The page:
By LISA DEADERICK
MARCH 28, 2020
Although she was a little girl at the time, Nancy Maldonado distinctly remembers the ways her parents were mistreated as newcomers to the United States. They’d dedicated their lives to ensure that their children had every possible opportunity to succeed, leaving their home country and everything that was familiar, in order to provide more for their kids. So, it was baffling that there were people who would treat her parents so poorly, simply because they had entry-level skills or spoke English as a second language, she says. As a child, there was little she could do, but the memories led to a passion to advocate for the marginalized.
“Since then, I’ve always had a desire to find ways to empower underserved communities. I don’t think that it is a coincidence that I am now the CEO of an advocacy and social services nonprofit organization that serves low-income families, and helps them achieve a better quality of life,” she says.
That organization is the Chicano Federation of San Diego County, which provides multiple programs for low-income children and families throughout the county, including childcare services, a preschool, affordable housing, subsidized meals for children, a workforce development program, and more.
Maldonado, 40, joined the Chicano Federation as a senior program director in 2017 before being named chief executive officer in 2019. She lives in Tierrasanta with her 7-year-old son, Dominic. She took some time to talk about her background in physical health and wellness, her work with the Chicano Federation, and how the organization is adjusting during the novel coronavirus pandemic.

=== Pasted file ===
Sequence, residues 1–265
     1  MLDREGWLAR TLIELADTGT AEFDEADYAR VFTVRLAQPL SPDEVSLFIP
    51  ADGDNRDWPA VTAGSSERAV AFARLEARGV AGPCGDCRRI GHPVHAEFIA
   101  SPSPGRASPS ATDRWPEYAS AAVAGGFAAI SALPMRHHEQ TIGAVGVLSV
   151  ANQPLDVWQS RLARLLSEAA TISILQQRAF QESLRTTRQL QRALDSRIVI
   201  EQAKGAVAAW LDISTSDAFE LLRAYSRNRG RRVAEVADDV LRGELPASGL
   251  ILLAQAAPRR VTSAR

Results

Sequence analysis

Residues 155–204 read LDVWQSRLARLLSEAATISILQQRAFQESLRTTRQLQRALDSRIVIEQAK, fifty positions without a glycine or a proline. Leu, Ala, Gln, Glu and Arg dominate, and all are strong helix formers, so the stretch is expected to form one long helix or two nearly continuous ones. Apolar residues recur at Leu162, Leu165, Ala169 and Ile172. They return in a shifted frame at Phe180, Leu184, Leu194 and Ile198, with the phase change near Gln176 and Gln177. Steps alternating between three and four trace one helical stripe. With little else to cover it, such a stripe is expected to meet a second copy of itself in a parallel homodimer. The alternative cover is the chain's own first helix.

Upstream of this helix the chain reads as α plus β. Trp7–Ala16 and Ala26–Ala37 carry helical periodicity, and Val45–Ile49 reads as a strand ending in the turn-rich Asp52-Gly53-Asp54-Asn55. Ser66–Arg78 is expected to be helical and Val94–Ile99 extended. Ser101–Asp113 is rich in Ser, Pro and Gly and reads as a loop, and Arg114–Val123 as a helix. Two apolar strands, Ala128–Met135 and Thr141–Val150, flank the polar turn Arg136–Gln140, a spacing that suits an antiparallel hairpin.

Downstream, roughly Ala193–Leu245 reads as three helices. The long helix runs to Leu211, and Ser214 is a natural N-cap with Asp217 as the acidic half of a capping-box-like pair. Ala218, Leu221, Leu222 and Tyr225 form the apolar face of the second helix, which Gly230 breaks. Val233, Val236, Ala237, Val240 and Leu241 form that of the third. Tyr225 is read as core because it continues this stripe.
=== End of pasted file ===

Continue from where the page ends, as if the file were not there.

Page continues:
Q: Tell us about the Chicano Federation of San Diego County.
A: Chicano Federation of San Diego County was established in 1969. It is one of San Diego’s leading nonprofits, providing a variety of comprehensive, neighborhood-based services to a large and diverse population. In its early years, Chicano Federation was led by a tireless group of advocates dedicated to seeing advances in civil rights and civic participation. Today, those strong roots empower us to serve community members throughout San Diego County with programs that help low-income children and families access vital and often life-changing services. Our goal: build resiliency and self-sufficiency in underserved neighborhoods through our programming. Our vision is for our diverse communities to thrive. ... Now in our 51st year, Chicano Federation is also actively engaged in voter registration and educating the community about Census 2020.
Q: A large number of your programs seem to center children. Can you talk a bit about what went into this decision, to focus so much of the work you do as an organization, on the health and well-being of children?
A: We have a history of tackling important social issues and ensuring that underserved communities have a voice in the policies that impact their lives. Because we work to change the tide for future generations, we understand the importance of starting early in mobilizing young people in our communities to speak up and advocate for change. It all starts with educating, supporting, uplifting and investing in our county’s youth.
Q: What does the federation’s advocacy for the Chicano population, specifically, look like in practice?